In a recent divorce between Black Keys' singer, Dan Auerbach, and his former wife, Stephanie Gonis, the parties divided an unusual asset - a lock of Bob Dylan's hair. This is a perfect example of the family law principle that all property must be divided upon dissolution. In the Auerbach-Gonis divorce, the parties owned a variety of typical assets such as real property, vehicles, and cash; however, all property - including valuable locks of hair must be divided at the time of judgment.
In the beginning of each divorce case, the parties are required to disclose and characterize all property either party has an interest in. "Property" is defined in California Civil Code Section 654 as, "the ownership of a thing is the right of one or more persons to possess and use it to the exclusion of others...the thing of which there may be ownership is called property". Property can be further characterized as "real" property and "personal" property. Generally in dissolution proceedings, real estate (including the marital residence and vacation homes) are the only "real" property divided. All other property is generally "personal" property.
Ultimately Gonis was awarded Bob Dylan's hair pursuant to the Auerbach-Gonis judgment. According to the California Family Code and applicable California case law, the community estate must be divided equally between the parties. The community estate consists of all the community property acquired by the parties from the date of marriage to the date of separation. In some circumstances, although the estate as a whole can be divided equally in terms of the value each party receives, all assets may not be divisible. It is important to note that all property, including the separate property of both spouses, must be disclosed. Separate property is defined all property acquired by either spouse prior to marriage, after separation, or during marriage by gift, bequest, or devise. If property is determined to be the separate property of one spouse, that property will be confirmed to that spouse in the final judgment without offset for its value.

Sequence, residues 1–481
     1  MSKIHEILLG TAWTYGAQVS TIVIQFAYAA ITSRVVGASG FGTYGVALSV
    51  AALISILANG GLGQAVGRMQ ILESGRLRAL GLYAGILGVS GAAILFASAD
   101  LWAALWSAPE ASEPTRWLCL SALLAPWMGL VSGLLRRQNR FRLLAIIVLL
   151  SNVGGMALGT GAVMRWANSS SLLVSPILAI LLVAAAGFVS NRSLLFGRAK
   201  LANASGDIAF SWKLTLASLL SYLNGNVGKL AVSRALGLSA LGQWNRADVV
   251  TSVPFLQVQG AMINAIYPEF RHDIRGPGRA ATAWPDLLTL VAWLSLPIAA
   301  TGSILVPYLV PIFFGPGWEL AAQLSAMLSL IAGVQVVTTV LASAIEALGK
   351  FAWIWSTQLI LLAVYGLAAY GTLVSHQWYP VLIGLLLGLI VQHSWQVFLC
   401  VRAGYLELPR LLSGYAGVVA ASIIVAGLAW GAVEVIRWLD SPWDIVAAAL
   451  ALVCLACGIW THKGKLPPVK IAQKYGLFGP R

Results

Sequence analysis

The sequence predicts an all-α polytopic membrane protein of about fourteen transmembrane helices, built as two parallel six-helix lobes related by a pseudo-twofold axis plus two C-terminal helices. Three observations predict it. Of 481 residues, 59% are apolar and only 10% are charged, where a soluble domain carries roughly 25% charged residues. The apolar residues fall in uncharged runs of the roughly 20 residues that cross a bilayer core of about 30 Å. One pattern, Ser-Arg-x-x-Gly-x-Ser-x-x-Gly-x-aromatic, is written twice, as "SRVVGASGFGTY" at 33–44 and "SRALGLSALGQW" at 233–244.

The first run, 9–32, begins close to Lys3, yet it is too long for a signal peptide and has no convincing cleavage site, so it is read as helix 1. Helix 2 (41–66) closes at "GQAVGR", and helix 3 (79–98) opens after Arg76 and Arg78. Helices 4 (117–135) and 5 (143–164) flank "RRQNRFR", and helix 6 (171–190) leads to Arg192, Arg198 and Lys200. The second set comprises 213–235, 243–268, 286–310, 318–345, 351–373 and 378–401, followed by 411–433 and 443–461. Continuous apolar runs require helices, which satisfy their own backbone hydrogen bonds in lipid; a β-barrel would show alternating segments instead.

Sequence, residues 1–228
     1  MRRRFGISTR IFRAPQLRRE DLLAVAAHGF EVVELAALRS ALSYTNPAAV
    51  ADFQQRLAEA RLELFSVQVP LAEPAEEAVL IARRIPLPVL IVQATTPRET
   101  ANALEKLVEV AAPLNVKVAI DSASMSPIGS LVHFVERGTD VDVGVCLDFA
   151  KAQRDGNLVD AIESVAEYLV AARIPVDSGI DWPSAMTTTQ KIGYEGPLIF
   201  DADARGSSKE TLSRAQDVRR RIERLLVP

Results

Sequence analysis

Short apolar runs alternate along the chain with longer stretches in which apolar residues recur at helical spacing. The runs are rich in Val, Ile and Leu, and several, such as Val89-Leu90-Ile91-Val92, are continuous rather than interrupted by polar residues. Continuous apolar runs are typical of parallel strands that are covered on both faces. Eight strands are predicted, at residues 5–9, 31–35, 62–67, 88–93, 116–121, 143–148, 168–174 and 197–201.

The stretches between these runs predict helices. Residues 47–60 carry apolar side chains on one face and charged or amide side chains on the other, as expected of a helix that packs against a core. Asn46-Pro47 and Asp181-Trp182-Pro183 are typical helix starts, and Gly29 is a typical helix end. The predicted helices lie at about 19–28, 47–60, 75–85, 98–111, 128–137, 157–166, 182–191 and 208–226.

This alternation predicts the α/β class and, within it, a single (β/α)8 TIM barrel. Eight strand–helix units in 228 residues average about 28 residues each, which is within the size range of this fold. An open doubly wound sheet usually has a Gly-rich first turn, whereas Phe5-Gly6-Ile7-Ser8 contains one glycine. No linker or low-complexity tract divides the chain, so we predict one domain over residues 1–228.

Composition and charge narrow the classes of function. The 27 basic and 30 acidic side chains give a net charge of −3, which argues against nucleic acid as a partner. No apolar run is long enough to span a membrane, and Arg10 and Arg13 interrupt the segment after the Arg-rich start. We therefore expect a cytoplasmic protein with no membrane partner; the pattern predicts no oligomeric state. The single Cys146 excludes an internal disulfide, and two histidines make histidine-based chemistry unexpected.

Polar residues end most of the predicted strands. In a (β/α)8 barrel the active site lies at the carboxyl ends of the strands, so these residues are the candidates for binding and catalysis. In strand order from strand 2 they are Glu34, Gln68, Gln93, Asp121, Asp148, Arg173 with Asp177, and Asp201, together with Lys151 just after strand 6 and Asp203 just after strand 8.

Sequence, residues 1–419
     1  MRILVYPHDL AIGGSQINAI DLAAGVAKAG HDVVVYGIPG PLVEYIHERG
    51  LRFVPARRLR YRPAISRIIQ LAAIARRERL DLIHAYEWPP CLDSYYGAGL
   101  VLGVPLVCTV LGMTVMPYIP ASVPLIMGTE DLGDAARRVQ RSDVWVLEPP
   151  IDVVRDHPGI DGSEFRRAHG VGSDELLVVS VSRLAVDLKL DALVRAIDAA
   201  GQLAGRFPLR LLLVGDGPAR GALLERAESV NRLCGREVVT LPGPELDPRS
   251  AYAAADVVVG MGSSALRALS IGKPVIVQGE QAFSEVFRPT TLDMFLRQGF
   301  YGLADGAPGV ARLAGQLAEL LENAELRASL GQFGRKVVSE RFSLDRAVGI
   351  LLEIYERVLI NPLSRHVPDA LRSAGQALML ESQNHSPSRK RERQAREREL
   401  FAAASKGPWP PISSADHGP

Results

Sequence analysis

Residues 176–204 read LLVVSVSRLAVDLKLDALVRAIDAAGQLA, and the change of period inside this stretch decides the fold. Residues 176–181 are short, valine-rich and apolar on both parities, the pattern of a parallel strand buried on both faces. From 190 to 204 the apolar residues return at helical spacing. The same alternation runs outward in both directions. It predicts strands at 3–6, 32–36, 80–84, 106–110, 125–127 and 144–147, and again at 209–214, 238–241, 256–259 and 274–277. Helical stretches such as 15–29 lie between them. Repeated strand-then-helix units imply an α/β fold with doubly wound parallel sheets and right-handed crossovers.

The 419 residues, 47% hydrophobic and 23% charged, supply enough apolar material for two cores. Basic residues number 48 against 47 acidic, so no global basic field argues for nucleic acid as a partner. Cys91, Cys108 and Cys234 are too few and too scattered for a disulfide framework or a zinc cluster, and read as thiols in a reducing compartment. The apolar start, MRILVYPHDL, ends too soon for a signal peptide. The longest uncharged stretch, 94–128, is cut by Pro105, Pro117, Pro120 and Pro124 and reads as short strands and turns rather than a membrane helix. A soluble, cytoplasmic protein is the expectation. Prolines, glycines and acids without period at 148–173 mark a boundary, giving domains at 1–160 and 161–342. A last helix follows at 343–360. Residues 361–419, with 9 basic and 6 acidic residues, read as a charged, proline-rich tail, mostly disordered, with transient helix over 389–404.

In a case where a community asset cannot simply be divided in half and distributed to the parties, such as a lock of hair, the parties will have two options. First, the parties can agree on the value of the indivisible item and offset the division of other assets to account for one party receiving the asset in full. Second, the parties can agree to sell the indivisible item and split the proceeds equally. If an asset is easily divisible, such as the funds in a bank account, the parties can each take one-half of the asset without the need for a valuation or sale.